Google Finds 25 Billion Spammy Pages Every Day
We all get frustrated by low-quality websites, but imagine how much worse it could be. As part of Google’s video, “How Google keeps you safe on Search,” the company said that, “Last year alone, our systems found 25 billion spammy pages every day.” That includes a variety of different bad actors, malware, and just very low-quality pages.
Watch the brief video here.
For an inside look at how Google reacts to spammy sites, we turn to favorite John Mueller. In a recent Reddit post, John wrote a bit about how Google responds, including that there’s no list of sites permanently blocked from Search and that – with enough time and hard work – any site can get re-indexed.
Unlike the facts of life, Google takes the good and ignores the bad; the key to overcoming poor performance and manual penalties is to get rid of the bad and focus on making the rest great.
Read more about it here.
Google Ranks Pages, Not Sites … but Your Overall Site Is Still Important
There was some active discussion in SEO circles in late January as Google’s John Mueller liked a tweet that said, “Google ranks webpages, not websites.”
This is true on one level – the content that you put on a specific page can help that individual page rank well for related searches, but that doesn’t mean that every page on your site needs to be on the exact same topic in order for any page to rank. And if you have a few not-great pages on your site, that doesn’t mean that every page will always suffer.
All of that said, this does not mean that the content, structure, and backlinks of your site overall don’t have an impact on individual pages. In fact, this has come up recently specifically in terms of site speed and Core Web Vitals, wherein Google has specifically said that poor performance for non-indexed pages could be used as part of the upcoming ranking signal calculation.
John Mueller has also said that sites can build up a reputation on specific topic areas. In both cases, it’s clear that Google does look beyond each specific page and takes other factors into account.
So our takeaway: Do your best to create great individual pages, which will also contribute to the overall strength of your site.
Read more on the discussion here and here.
Yes, Interstitials Can Negatively Impact Your Rankings
Google’s mobile interstitial penalty rolled out in January 2017, but that hasn’t stopped many websites from continuing to use interstitials – popups that ask a visitor to sign up for a newsletter, for example.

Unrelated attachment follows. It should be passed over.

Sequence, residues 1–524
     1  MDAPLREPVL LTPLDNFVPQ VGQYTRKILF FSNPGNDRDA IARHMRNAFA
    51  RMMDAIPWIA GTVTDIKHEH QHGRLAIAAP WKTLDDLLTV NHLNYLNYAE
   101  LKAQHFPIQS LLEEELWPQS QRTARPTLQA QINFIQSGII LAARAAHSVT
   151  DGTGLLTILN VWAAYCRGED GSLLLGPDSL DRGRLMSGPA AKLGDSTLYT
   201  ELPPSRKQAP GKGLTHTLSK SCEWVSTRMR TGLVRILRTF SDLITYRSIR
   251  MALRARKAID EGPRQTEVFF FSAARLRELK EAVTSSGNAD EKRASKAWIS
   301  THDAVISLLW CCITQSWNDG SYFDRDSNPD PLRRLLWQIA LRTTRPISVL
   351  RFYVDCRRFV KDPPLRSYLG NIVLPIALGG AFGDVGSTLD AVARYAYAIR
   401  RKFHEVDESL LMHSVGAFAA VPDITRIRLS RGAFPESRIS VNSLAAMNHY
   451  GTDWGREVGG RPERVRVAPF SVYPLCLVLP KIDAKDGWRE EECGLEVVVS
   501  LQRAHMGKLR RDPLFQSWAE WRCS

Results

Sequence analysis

John Mueller has repeated that yes, the penalty is real, but that (like everything else when it comes to ranking factors) it’s not the only factor that’s considered when ranking a page. If the content is great and super relevant to the searcher, Google does want it to be near the top of the results. So it can have a negative impact, but that’s balanced with other ranking factors.
Plus, the mobile interstitial penalty only impacts the mobile rankings, not desktop.
Read more here.
Core Web Vitals Update
Rolling out as a ranking factor this May, we have a few updates on Core Web Vitals. If you aren’t up to speed, Core Web Vitals are three different facets of user experience:
1. Largest Contentful Paint (LCP), which measures loading performance
2. First Input Delay (FID), which measures how soon a user can interact
3. Cumulative Layout Shift (CLS), which measures visual stability
In late January, Google’s John Mueller answered a question during Google Search Central SEO office-hours on how much a single facet matters – in other words, will you still get a ranking benefit if you’re meeting expectations for 2/3 of the factors? While John didn’t provide a lot of specific details, he did say that, “if we can recognize that a page matches all of these criteria then we would like to use that appropriately in search ranking.”
To get the most benefit, you want all three factors to meet or exceed Google’s criteria.
Read more here.
But does the type of site you have make a difference? Again from John Mueller: No, Google doesn’t have different rules depending on if you’re a news site or ecommerce or something else.
Read the Twitter thread here.
Content in Different Formats Is Not Considered Duplicate Content
Have a video and a blog article with the same content? No worries – John Mueller has said that Google does not consider this duplicate content. Searchers may prefer different types of content, so one version should not be promoted over the other. So feel free to repurpose great content in other forms!